Update 03/17/09: The yield has fallen to 2.05% APY.
DollarSavingsDirect again lowered its savings account rate. It's now only 2.25% APY. This is the fourth rate cut in the last month. Here's the history of the rate cuts since they first cut the rate from 4% to 3.50% in January:
Date of Chg APY
Time to Switch?
I think it's time for Emigrant to remove the tagline "America's Highest Rate" from its Dollar Savings Direct website. While many other banks are slashing rates, there are still many internet banks offering savings account rates higher than 2.25% APY. There are even a few offering 3% or above. ShoreBank is still offering 3.15% APY (see post) and CNB Bank Direct is still offering 3.00% APY (see post). In addition to banks, Alliant Credit Union is still offering 3% APY, and this should at least last through March (see post).
These banks and credit unions will likely cut rates also, but if we judge Dollar Savings Direct based on the recent history of Emigrant Direct, I'm not sure it'll remain in the top field of online savings accounts. Emigrant Direct Savings rate dropped below 3% in March 2008, and it has only gone down since then. It's now only 2% APY.
With all banks cutting rates, it may seem hopeless to switch now just for what may be a temporary hike in interest rates. Just remember that this is what banks are hoping people will think. Competition is an important factor that is preventing rates from falling to near zero percent. The more we are willing to move our money, the more competition there will be.
The issue of Emigrant Bank's financial health may be another reason to move your money. However, if you keep under the FDIC limits (which I recommend for any bank), I don't consider the financial condition of a bank to be a major issue for a savings account. Emigrant Bank's ratings for safety and soundness are weak: 1 star (lowest) at Bankrate.com and 2 stars (problematic) at BauerFinancial. These ratings are based on 9/30/08 financial data. There's an interesting article that discusses Emigrant Bank's health at Crain's New York Business. Here's an excerpt:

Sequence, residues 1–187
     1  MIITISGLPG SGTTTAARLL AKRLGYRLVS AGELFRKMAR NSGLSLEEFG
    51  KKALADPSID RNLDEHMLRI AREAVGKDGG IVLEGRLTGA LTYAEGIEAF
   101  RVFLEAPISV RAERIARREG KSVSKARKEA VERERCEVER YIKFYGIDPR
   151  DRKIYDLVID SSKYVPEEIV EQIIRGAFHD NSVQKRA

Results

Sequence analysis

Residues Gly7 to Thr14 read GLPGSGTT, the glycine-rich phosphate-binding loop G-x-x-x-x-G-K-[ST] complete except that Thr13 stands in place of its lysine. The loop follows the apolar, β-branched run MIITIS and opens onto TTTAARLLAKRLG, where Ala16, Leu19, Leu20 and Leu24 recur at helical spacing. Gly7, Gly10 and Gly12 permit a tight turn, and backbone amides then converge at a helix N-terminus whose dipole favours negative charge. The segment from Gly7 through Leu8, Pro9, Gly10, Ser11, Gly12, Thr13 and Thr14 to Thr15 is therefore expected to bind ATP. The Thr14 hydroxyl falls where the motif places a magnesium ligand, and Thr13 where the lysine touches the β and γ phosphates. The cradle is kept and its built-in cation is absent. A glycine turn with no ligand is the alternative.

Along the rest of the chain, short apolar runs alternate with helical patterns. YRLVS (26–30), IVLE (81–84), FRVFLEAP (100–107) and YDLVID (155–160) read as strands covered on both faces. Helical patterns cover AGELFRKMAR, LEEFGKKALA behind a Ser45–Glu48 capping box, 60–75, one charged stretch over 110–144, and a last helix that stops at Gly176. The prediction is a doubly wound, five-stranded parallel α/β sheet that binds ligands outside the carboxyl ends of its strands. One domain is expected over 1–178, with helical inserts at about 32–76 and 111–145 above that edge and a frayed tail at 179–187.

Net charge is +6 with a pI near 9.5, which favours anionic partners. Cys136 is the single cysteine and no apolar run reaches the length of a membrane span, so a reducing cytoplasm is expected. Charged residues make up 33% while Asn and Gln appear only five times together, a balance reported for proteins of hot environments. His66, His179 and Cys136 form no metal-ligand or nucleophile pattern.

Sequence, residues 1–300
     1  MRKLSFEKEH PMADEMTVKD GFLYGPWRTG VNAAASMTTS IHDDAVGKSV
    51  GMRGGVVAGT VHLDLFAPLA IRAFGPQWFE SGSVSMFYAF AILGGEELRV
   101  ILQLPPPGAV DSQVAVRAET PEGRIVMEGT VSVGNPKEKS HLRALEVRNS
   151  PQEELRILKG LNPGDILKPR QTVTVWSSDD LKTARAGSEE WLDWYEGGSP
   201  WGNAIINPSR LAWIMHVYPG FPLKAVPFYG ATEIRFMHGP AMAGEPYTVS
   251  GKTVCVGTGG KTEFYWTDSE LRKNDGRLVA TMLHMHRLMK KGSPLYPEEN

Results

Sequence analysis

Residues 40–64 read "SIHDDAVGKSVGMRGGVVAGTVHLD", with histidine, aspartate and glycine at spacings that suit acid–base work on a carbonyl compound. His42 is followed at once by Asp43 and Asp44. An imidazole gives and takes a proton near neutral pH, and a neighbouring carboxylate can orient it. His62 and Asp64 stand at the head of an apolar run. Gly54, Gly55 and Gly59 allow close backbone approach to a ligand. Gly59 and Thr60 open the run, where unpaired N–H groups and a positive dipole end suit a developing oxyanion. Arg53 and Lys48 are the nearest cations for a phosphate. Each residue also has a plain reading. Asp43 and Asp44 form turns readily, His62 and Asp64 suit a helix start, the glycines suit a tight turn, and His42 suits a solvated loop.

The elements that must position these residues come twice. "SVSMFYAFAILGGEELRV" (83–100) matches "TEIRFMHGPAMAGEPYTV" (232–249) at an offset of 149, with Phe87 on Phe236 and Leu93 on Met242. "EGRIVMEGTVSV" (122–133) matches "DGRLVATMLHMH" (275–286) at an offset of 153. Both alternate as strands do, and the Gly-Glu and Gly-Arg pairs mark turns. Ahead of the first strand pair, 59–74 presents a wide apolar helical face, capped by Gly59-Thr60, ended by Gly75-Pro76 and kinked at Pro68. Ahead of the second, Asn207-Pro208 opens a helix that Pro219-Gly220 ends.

Its largest division posted a $226 million net loss in the fourth quarter, and the institution accepted $267 million in federal bailout money in January.
Issues of Transferring Money
If you're going to transfer your money out of Dollar Savings Direct, there are a few important things to note.
First, make sure you carefully read the account disclosure. Here's an important issue regarding the minimum balance:
You are required to maintain a minimum average daily balance of $1,000.00 in your Dollar Savings Account for the statement period in order to receive the advertised APY. In the event the average daily balance in your Dollar Savings Account falls below $1,000.00 during the statement period, your account will receive an APY of 1.00%.
So if you transfer out most all of your money early next week, your March average daily balance may drop below $1,000, and you would end up earning only 1% APY. Here's a good resource to compute your average daily balance. It should be noted that there's not going to be much difference in interest earned between 1% and 2.25% for a $1,000 balance in one month.
If you do transfer your money, don't leave a zero balance in your account. In general, for any no-minimum account, it's best to leave at least a dollar to ensure the account doesn't get closed. Here's what the account disclosure states about a zero balance:
If you close your Account before interest is credited, you will not receive the accrued interest. Additionally, if your account has a zero balance, you will not be credited interest.
For other issues on transferring money out of Dollar Savings Direct, refer to this previous post. The account doesn't have the best ACH transfer system.
To find high-yield savings account alternatives, please refer to my weekly rate summary. Note, I'm in the process of updating this. I'm afraid Dollar Savings Direct isn't the only one to cut rates this week (see the daily bank rate changes).